NOT ETHNIC SEPARATION 

                                                                                                                                       Oluwatoyin Vincent Adepoju
                                                                                                                                           Monday, 16 January, 2011

The ongoing  economic and security crises in Nigeria have inspired aspirations towards the break up of Nigeria into smaller countries. The central argument seems to be that such smaller countries will be easier to manage. A major plank of this hope in  such smaller countries being more successful is the idea that since they would be ethnically homogeneous, the problems emerging from the artificial construction of various ethnicities into the country now known as Nigeria would be significantly reduced or nullified.
As far as I can see, such thoughts are examples of wishful thinking. Will the African in an Oduduwa  Republic, Biafra  or Arewa Republic, for example, be different in personality from the same African in the government of Nigeria? To what degree  has the Nigerian political elite demonstrated an ability to rise above personal interests and focus on either national interests or the genuine developmental needs  of their ethnic constituencies?
And yet, these same politicians  regularly use ethnicity as one of their strongest tools to get into office, appealing to the ethnic sentiments of their eventual victims. 
Ladies and gentlemen,  the central problem is not the amalgamation of Nigeria out of many ethnicities, the problem is the political immaturity of many Africans and African political elites  who see politics as an opportunity to emulate the former colonial  masters and steal from the conquered  populace. 
While the colonial masters stole mostly for their nations, England, France, Belgium or Portugal, the African politicians  and their accomplices among the economic elite steal for themselves, their families and cronies. 
Nigerians right now are united against this culture of corruption and of theft from the people, united against  both direct theft through illegal actions, and indirect, institutionalised theft, theft built into the legal framework of the national system.  
A central example of such indirect, institutionalised theft is the fantastic salaries and allowances of political office holders, salaries and allowances   that  exceed even that of the US President, the President of a country with the second largest, if not the  world's largest economy, compared to a country poor in development and productive capacity  like Nigeria,  a country  dependent  on a raw substance mined from the ground which it does not even significantly process by itself, oil, as different from any productive capacity of its citizens. 
That is the problem.
The problem is the fact that Nigerian politicians of all ethnicities, Igbo, Hausa/ Fulani, Yoruba, ijaw, Edo, Ibibio, Niger Delta etc, are operating a system that in its very nature is a gargantuan effort at theft from Nigerians , a system calculated to NEVER lead to any substantial  development because the material resources for such development are constantly  being swallowed  by greedy politicians and these greedy people have little or no motivation to make the country grow, because the more developed the country is, the less concentration of resources  there will be at the centre of political power, the more enlightened people will  become, leading them to  demand their rights, the less the political figures will  be elevated above the current poverty of the average Nigerian.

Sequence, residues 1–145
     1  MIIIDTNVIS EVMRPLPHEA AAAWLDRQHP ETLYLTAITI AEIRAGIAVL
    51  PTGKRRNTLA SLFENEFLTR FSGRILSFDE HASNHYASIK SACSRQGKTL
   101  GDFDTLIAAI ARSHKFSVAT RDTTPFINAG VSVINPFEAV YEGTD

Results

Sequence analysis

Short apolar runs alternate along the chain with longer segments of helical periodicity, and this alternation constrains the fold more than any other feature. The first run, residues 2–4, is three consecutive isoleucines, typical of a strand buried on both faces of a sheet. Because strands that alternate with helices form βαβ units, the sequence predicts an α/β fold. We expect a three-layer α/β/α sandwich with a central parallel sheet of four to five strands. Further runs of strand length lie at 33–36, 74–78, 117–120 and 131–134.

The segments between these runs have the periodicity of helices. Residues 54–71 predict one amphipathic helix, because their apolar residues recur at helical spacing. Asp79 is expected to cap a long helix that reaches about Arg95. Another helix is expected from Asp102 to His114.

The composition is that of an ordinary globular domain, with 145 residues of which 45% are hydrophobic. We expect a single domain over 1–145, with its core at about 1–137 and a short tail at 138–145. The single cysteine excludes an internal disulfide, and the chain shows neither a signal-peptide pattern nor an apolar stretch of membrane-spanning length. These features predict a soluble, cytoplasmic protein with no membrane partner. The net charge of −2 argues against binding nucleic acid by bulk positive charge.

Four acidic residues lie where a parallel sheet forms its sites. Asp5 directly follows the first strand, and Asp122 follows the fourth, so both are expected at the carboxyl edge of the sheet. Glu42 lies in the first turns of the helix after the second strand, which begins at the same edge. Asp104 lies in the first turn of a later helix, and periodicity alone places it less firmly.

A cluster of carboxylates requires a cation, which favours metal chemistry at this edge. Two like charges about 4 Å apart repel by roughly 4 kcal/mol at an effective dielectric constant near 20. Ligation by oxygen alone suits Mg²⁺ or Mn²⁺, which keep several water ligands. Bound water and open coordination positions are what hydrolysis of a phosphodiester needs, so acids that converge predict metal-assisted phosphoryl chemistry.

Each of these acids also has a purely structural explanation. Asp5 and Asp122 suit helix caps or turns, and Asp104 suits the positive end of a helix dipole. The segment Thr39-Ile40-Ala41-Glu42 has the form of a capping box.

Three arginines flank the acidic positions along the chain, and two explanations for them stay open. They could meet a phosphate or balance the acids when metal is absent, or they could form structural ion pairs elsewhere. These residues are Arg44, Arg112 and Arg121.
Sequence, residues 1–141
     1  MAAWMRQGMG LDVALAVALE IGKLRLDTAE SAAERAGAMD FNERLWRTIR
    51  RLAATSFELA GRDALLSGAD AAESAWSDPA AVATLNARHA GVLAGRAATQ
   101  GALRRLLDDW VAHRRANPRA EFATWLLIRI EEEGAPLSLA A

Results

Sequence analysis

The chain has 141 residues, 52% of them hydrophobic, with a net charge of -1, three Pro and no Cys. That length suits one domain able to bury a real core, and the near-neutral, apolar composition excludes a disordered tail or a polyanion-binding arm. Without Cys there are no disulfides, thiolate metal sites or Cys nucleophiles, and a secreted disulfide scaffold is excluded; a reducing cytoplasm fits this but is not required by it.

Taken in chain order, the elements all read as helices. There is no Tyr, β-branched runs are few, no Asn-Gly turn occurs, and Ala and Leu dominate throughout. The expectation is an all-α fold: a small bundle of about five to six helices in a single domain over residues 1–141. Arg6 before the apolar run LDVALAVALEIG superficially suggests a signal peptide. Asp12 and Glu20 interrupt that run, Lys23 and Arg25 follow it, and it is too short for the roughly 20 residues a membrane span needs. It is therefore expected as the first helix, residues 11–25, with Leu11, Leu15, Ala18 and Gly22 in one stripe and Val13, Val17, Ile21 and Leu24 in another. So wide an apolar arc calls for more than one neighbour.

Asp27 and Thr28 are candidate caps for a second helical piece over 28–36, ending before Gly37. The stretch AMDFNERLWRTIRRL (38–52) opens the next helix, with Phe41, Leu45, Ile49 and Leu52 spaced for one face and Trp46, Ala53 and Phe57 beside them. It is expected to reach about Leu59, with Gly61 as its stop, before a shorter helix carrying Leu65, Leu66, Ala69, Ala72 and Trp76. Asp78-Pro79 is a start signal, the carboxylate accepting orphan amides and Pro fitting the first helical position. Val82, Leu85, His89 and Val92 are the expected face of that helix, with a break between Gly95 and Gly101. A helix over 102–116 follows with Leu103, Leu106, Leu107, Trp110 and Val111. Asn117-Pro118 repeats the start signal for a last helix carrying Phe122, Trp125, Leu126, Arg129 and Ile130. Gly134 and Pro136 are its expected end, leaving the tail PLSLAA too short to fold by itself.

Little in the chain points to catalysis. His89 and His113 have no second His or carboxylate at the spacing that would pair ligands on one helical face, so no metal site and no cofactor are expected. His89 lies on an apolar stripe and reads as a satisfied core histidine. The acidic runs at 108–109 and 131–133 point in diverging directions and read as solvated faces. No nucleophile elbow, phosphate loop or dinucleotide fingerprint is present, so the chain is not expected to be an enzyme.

So what must go is the corrupt system!
The issue here is not the breaking up of Nigeria into smaller countries that will be manned by people with the same mind set that is described as  at times even infecting the younger generation of teenagers. 
Some of those hoping for an Oduduwa Reuplic are quietly biding their time and hoping for their new country to emerge. Some of those hoping for a new Biafra are particularly vociferous in their cries for Nigeria  to break up and they struggle to instigate a break up.
It is this group that has inspired this response   beceause they don't seem to understand the nature of the wind of change and are actually moving against the  national development consensus  and the tide of contemporary Nigerian history. 
They consistently  project the security situation with Boko Haram terrorists as  an  Igbo problem, a claim  that is an example of straining to paint something with only a little shade of black into complete  black, in defiance of all obvious evidence.
The book Haram terrorists have attacked  all Nigerians and their attacks on Igbos have been an accidental outcome of  attacks on Nigerians. The only times known to me when they might have targeted  specific Igbo  territory was the two attacks in a geographical location described as North Eastern Nigeria. The  majority of their attacks  have been on  Nigerians in general, including Northerners and Muslims, and recently, focusing on  Southerners and Christians.
The larger number of Igbos in the bombing of the Catholic church in Madalla was not due go its being an 'Igbo church' as some  have claimed. There is no 'Igbo church'. The Catholic Church' is not an 'Igbo church'. The term 'Catholic' means 'all embracing'. The large presence of Igbos in the Catholic church does not make it an 'Igbo church'.
The larger number of Igbos affected in the Catholic church bombing was due to the  fact that Igbos constitute a good number of attendees at Catholic churches, perhaps everywhere in Nigeria, not because Igbos specifically were being targeted.
These attacks have come under heavy and unequivocal condemnation by Northern and Muslim leaders. Muslims, Northerners, Christians and Southerners are working together to combat the divisive goals of Boko Haram. This united work at unity by people of various ethnicities and religions has been widely reported in the news. 
it is vital that those who see themselves as pursuing  an Igbo cause in the midst of the current national crises do not alienate others. 
It was such alienation of the sympathy of others that was central to  the failure of Biafra in in 1967 to 1970.
This country has moved beyond the  pre-civil war years of the mid-1960s  and the civil war years of 1967 to 1970. 
It is vital to recognise these new developments so that all ethnicities and the country can move forward as one.